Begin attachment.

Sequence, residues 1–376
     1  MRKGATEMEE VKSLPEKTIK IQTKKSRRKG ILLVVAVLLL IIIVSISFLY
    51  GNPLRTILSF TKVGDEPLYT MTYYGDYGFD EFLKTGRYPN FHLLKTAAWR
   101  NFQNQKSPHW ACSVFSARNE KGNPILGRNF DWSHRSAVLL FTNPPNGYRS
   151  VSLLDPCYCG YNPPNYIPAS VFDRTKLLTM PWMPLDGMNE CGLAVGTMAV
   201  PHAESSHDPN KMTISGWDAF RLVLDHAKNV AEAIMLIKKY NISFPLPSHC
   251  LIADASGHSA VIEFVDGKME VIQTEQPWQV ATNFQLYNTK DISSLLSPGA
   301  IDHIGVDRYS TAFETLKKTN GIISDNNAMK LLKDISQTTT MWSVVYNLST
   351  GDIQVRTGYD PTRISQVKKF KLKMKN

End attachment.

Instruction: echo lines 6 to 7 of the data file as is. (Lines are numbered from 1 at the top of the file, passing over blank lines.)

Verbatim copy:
   201  PHAESSHDPN KMTISGWDAF RLVLDHAKNV AEAIMLIKKY NISFPLPSHC
   251  LIADASGHSA VIEFVDGKME VIQTEQPWQV ATNFQLYNTK DISSLLSPGA